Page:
On January 25, 2006, Rep. Kucinich sponsored a Congressional briefing on the Korea reunification movement and U.S. foreign policy options for Korea. The panel of expert witnesses included Eric Sirotkin, Korea Peace Project; Professor Thomas Kim, Scripps College, Korea Policy Institute; Dr. Pilju Kim Joo, Agglobe Services International, seed scientist during North Korea’s food famine; Christine Ahn, Korean Americans United for Peace, Oakland Institute Fellow; John Feffer, Foreign Policy in Focus; Karin Lee, Friends Committee on National Legislation.Burma
In July 2003, Congressman Kucinich responded to the repeated calls of the people of Burma for a nonviolent course of action in the form of stronger sanctions, which will directly affect the pockets of the Burmese dictators. Kucinich was a primary sponsor of the Burmese Freedom and Democracy Act of 2003, which would impose an import ban, visa ban, and the freezing of assets of the brutal military junta in Burma.Indonesia
In both FY 2004 and FY 2005, Congressman Kucinich requested that Appropriators cut-off of all U.S. military assistance, including weapons sales, training and joint exercises, for the Indonesian military (TNI) until specific human rights conditions are met. The TNI’s human rights record remains atrocious as it operates with continued impunity for the past and current perpetrators of serious crimes and a lack of budget transparency.Nigeria
Congressman Kucinich was a recipient of the 1999 William Moses Kunstler Racial Justice award for his efforts in opposition of Chevron's environmental degradation in Nigeria. According to the William Moses Kunstler Fund for Racial Justice, an organization whose mission is to combat racism and social injustice, "Congressman Kucinich has fought for what is right his whole life. He is a politician who does not act like one; he is willing to take on members of his own party as well as banks and big business. One of Congressman Kucinich's major goals has been to hold international corporations accountable for their conduct. Recently, he has worked in Congress for an investigation of collaboration between Chevron and the Nigerian military in the repression of activists protesting against the environmental degradation of the Niger Delta. Chevron has given the Nigerian military helicopters and other hardware that was used to kill those interfering with Chevron's oil drilling."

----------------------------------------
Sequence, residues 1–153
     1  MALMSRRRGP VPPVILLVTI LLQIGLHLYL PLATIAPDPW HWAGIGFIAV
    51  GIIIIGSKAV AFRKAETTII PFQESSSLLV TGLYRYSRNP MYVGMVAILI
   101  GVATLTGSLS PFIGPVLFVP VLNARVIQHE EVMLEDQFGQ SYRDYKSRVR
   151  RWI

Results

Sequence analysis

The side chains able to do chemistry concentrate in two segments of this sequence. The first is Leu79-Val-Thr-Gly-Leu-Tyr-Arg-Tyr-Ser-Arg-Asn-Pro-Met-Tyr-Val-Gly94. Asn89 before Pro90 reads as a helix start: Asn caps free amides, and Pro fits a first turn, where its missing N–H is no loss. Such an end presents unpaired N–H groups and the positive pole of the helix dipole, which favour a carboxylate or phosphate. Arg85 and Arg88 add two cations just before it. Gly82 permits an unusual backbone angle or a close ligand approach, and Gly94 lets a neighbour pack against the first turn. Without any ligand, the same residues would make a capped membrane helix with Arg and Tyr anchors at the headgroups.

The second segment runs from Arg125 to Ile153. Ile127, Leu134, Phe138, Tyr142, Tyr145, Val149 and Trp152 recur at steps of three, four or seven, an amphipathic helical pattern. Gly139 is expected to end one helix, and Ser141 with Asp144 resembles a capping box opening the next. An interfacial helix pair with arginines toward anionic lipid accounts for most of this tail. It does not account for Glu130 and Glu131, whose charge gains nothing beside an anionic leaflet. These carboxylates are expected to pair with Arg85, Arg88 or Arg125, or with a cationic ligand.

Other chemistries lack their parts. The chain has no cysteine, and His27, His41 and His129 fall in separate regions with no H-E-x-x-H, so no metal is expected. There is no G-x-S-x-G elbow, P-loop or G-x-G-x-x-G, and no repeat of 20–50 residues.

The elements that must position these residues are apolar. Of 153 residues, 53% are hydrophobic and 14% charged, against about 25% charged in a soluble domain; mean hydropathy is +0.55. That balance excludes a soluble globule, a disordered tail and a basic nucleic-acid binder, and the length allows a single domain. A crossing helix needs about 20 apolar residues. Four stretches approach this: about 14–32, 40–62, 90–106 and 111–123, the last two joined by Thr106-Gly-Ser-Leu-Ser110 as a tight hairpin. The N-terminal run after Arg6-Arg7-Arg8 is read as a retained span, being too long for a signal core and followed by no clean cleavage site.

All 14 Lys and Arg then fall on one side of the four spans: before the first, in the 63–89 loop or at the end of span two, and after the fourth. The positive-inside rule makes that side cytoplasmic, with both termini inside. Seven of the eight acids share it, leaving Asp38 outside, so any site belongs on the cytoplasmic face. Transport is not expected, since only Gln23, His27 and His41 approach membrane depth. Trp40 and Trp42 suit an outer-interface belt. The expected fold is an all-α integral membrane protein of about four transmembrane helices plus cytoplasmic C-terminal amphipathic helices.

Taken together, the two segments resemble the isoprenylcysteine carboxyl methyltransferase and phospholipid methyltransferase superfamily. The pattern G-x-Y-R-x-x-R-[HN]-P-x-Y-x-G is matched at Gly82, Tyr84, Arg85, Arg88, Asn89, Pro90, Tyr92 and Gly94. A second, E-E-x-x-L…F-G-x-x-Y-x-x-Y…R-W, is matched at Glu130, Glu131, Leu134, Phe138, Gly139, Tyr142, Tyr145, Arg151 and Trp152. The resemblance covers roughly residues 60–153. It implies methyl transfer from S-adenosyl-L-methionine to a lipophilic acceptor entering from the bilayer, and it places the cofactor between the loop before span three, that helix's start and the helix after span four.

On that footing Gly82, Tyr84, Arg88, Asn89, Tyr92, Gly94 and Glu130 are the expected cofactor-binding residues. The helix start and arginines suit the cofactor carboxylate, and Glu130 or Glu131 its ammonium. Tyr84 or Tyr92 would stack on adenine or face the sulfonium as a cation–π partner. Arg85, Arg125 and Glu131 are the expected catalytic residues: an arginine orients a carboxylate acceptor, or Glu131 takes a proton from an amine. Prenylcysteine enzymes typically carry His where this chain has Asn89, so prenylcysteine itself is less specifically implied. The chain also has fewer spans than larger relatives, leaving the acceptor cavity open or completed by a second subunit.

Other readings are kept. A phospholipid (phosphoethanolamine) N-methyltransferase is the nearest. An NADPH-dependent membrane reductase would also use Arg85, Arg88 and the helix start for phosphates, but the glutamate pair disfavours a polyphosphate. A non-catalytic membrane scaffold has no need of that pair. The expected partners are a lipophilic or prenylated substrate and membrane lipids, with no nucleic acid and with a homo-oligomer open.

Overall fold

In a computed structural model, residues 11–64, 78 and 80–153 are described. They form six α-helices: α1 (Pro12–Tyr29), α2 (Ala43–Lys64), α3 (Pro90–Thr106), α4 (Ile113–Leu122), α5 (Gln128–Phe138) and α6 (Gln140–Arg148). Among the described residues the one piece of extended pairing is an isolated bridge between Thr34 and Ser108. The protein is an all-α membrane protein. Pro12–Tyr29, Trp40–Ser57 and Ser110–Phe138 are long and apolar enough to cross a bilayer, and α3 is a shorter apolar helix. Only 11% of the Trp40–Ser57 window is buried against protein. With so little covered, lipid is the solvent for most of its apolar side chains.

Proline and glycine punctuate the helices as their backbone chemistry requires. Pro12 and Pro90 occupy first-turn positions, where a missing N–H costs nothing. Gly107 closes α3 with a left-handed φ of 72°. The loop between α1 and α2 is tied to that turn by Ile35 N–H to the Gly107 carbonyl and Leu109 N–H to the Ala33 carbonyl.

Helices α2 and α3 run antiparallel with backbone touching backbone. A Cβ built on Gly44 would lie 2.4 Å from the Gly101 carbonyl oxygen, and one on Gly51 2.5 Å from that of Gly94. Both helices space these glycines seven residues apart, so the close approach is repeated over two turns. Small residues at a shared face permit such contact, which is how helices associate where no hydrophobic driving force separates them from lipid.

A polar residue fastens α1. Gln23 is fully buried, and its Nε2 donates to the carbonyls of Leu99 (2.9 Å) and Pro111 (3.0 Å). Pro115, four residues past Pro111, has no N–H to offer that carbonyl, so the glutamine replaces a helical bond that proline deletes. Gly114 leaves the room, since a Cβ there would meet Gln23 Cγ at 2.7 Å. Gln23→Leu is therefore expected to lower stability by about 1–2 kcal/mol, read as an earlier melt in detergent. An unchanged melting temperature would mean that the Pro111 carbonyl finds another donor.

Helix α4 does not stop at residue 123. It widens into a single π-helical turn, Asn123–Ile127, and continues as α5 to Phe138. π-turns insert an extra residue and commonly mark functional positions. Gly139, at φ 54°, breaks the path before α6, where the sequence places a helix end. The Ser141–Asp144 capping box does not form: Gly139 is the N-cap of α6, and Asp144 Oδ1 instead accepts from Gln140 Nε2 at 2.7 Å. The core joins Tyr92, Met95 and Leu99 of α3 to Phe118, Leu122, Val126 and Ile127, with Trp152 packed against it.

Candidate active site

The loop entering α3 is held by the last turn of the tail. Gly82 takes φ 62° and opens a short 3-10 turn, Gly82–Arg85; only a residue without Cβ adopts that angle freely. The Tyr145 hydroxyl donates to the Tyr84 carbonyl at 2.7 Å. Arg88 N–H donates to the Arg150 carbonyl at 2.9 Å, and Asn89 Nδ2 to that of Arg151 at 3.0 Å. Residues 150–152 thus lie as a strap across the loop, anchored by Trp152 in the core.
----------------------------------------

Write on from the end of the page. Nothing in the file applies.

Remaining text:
In a March 5, 1999 letter to Committee Chairman Ben Gilman, the Congressman and several Members of the Congressional Black Caucus and the International Relations Committee requested a congressional investigation into allegations that Nigerian security forces, with the help of US-based oil company Chevron, killed innocent Nigerian civilians, committed human rights abuses and harassed environmental activists. Human Rights
Congressman Kucinich has been a champion of global human rights since entering Congress. In 2008, Congressman Kucinich co-chaired two hearings of the Congressional Human Rights Caucus to call attention to political violence in Burma as well as Tibet-China relations.
In April 2008, Congressman Kucinich and Congressman Chris Smith welcomed Lodi Gyari, special envoy to His Holiness the Dalai Lama, to discuss the treatment of the Tibetan Autonomous Region by the People’s Republic of China. The Chinese government has conducted a harsh campaign of repression against the peaceful Tibetans and refuses to negotiate with the Dalai Lama for an amicable solution.